In Reply to: Re: Oil tested after 10 years use. posted by Tim Daley(MI) on December 10, 2018 at 12:43:35:
Total rubbish. We have been through this before and the nature of the chemical and molecular changes that engine oil undergoes inside an engine has been thoroughly and painstakingly studied and documented.
The base oil that is the foundational component of an engine oil is a carefully engineered mix of hydrocarbon molecules. The molecules in that mix can and do get aaltered when subject to heat and stress inside an engine. That means the carefully engineered physical makeup of the base oil is changed and the viscosity changes with them. In general engine oils initially start to shear down to a lower viscosity as the longer chain molecules are destroyed and the viscosity drops below the original SAE grade. Then over time oxidation causes polymerization of the molecules and the oil begins to thicken. If operated long enough it will become too viscous to measure. Simply put the base oil molecules first get shredded and then cooked into mush.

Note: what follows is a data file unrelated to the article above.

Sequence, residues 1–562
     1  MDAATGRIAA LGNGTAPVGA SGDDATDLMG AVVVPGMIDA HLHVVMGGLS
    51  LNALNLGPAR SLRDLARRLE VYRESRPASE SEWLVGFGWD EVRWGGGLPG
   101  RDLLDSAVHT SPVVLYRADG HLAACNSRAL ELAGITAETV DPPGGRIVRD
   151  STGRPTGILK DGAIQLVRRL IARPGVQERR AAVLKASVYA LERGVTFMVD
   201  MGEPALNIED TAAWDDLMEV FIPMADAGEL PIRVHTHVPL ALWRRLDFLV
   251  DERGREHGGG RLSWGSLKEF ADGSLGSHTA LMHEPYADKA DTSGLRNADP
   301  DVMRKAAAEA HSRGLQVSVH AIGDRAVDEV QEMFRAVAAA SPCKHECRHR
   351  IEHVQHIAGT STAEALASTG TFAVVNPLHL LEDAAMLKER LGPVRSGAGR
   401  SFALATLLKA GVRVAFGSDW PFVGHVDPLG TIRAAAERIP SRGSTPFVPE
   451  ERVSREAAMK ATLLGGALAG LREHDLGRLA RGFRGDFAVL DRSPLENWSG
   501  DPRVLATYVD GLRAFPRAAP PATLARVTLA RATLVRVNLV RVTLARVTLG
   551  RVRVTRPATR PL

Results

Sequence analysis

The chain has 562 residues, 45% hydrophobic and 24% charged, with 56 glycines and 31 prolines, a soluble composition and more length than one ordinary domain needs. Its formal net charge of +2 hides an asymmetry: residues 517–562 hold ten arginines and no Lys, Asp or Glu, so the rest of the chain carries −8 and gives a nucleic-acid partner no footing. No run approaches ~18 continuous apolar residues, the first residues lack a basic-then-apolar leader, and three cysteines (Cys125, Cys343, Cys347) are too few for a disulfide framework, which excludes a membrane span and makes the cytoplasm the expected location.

Used engine oil can be recycled but it takes a lot more than filters. It is reprocessed into a fresh new base oil via the same distillation / de-waxing / molecular cracking chemical processes that were used to refine the original crude oil. The amount of base lubricating oil that can be recovered from "good used" engine oil is about 60% by volume. The molecular fraction lost has been altered to the point it is no longer suitable for use as a lubricating oil.